“The book was the memoirs of the Marquis de Sade, a line was underscored: Et lui rendit pendant sa captivité les milles services qu’un amour dévoué est seul capable de rendre, and suddenly into his mind came the question: “What is wrong?” (51)
Barnes, Djuna. Nightwood. New Directions, 1937. Print
The English translation (according to Google) is as follows: “And rendered him during his captivity the thousand services which devoted love alone can render”, it should be noted that (according to Wikipedia) the Marquis de Sade was known for his “libertine sexuality” which could point out that perhaps Felix didn’t marry the woman he thought he did.
“Janie was stretched on her back beneath the pear tree soaking in the alto chant of the visiting bees, the gold of the sun and the panting breath of the breeze when the inaudible voice of it all came to her. She saw a dust-bearing bee sink into the sanctum of a bloom; the thousand sister-calyxes arch to meet the love embrace and the ecstatic shiver of the tree from root to tiniest branch creaming in every blossom and frothing with delight. So this was a marriage! She had been summoned to behold a revelation. Then Janie felt a pain remorseless sweet that left her limp and languid.”
This representation of the “bees and the flowers” is very similar to the “birds and the bees” concept. Here, Janie is exploring her idea of love and romanticism. I believe that Janie is trying to discover her desires and the world around her, as she is engrossed in nature in this moment.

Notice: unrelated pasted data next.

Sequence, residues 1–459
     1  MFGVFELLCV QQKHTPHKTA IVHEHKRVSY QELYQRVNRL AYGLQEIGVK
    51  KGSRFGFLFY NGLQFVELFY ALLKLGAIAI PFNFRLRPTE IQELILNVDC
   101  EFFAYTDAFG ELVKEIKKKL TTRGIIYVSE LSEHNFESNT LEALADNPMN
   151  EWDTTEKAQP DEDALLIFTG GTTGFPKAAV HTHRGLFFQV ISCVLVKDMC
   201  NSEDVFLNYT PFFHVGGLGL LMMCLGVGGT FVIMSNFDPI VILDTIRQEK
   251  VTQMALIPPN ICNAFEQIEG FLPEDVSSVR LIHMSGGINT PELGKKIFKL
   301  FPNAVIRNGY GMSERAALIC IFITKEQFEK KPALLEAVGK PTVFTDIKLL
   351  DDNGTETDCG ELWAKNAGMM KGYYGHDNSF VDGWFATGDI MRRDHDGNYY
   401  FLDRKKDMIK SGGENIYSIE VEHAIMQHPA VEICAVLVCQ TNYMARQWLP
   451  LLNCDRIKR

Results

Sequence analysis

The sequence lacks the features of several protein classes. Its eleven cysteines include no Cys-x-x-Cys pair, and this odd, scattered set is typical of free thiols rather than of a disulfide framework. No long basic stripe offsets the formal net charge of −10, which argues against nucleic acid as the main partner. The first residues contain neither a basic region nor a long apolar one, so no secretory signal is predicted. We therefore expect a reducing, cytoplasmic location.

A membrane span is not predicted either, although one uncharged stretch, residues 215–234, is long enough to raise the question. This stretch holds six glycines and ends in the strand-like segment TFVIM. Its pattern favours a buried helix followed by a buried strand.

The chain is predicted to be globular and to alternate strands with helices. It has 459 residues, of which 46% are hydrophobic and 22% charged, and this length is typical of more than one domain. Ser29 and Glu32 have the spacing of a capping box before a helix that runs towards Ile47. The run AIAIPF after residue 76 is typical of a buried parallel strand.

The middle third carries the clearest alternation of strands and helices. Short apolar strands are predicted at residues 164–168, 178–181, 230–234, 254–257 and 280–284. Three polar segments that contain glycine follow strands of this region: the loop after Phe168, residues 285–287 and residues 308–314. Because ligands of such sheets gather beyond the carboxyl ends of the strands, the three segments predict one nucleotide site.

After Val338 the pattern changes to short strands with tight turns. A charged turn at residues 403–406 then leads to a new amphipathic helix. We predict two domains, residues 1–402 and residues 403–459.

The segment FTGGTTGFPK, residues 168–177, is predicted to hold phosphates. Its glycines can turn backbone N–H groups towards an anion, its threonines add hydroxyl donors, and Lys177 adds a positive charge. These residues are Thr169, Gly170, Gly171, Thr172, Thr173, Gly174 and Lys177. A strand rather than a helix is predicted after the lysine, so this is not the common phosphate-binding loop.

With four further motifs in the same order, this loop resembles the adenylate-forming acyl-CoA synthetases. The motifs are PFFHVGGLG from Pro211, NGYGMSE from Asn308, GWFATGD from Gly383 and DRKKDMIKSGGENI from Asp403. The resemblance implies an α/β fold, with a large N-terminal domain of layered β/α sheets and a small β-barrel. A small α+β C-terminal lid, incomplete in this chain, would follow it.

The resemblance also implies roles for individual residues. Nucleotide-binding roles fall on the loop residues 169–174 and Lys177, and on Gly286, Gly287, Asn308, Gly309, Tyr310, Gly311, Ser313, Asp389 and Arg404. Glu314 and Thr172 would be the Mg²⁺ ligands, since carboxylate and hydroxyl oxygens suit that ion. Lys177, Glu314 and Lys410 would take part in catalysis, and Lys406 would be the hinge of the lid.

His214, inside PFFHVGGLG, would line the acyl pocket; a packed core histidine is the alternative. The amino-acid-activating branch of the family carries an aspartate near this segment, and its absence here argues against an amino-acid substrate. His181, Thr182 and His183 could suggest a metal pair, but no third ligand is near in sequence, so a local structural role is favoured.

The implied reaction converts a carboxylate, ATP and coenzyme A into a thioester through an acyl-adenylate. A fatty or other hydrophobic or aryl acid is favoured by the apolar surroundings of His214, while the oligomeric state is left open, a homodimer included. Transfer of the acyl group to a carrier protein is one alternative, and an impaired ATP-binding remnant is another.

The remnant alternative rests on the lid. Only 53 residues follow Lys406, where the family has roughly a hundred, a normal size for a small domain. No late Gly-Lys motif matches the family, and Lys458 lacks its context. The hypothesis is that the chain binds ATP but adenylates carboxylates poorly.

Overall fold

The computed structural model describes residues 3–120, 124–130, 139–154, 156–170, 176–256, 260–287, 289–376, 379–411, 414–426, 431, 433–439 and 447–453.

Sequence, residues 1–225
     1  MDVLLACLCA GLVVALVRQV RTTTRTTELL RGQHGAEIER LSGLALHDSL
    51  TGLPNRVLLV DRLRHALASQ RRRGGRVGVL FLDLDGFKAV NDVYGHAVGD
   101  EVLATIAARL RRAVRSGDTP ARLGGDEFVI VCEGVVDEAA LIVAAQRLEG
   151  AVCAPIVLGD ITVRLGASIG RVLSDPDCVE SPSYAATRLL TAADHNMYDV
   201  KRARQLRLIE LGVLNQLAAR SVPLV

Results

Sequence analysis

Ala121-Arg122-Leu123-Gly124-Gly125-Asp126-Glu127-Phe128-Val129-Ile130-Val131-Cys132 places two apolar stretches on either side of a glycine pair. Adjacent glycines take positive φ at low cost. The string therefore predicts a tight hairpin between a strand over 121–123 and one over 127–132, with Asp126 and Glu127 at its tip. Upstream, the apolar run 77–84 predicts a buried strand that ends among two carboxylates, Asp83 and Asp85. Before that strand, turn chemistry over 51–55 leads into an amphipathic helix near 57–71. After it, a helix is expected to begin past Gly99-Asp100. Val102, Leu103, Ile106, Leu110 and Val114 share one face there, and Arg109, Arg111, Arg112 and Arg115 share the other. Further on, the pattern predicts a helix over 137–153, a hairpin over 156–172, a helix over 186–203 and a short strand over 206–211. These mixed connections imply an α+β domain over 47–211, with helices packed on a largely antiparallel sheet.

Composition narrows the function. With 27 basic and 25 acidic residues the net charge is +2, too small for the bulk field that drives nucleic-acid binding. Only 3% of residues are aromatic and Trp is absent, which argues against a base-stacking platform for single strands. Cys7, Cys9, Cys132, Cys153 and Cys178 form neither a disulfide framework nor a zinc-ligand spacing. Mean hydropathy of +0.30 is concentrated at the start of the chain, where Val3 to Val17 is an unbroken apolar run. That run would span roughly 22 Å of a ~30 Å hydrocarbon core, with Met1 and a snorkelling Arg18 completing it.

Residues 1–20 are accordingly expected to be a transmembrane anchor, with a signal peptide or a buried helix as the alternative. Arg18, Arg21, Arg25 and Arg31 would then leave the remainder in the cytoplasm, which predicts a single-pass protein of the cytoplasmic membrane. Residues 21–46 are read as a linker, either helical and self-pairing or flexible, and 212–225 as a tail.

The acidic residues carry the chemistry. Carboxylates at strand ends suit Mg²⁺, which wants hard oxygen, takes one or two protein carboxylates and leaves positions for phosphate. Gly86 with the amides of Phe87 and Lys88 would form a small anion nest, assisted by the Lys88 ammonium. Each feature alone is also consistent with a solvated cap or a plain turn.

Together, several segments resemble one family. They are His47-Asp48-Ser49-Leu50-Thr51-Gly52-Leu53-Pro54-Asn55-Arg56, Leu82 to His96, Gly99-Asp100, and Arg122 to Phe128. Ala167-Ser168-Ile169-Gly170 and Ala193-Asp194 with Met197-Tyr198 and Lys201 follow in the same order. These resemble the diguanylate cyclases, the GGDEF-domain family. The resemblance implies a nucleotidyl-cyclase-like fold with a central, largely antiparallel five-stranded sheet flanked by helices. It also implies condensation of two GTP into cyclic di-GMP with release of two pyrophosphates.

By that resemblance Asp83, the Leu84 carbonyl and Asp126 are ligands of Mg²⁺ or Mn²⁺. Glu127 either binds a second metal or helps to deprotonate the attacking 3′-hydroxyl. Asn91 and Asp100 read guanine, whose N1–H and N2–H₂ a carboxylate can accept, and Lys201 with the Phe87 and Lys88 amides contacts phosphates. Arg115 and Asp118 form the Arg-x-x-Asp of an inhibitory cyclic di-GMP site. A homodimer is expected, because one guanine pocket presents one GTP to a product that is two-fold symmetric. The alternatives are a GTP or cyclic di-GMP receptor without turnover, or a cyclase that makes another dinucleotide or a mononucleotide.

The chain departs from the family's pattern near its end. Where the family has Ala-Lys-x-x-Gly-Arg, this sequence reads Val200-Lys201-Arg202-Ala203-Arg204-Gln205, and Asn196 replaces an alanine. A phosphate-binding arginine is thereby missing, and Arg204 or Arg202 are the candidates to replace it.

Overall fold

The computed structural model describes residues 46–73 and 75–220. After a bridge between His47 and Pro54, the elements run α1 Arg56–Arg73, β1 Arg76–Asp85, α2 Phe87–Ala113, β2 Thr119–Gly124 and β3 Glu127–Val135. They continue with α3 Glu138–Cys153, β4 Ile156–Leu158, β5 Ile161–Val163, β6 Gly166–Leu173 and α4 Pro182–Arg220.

Zora Neale Hurston. Their Eyes Were Watching God. Ebook. Chapter 2.
“…she did undoubtedly then feel what men felt. Only for a moment; but it was enough. It was a sudden revelation, a tinge like a blush which one tried to check and then, as it spread, one yielded to its expansion, and rushed to the the farthest verge and there quivered and felt the world come closer, swollen with some astonishing significance, some pressure of rapture, which split its thin skin and gushed and poured with an extraordinary alleviation over the cracks and sores” (32).
Relationship with Sally a protest against the mundanity of Clarissa’s housewife subordination. Description sounds like conscious attempt to repress her homosexual thoughts; then, possible acceptance.
Woolf, Virginia. Mrs. Dalloway. New York: Harcourt, Brace, 1925. Print.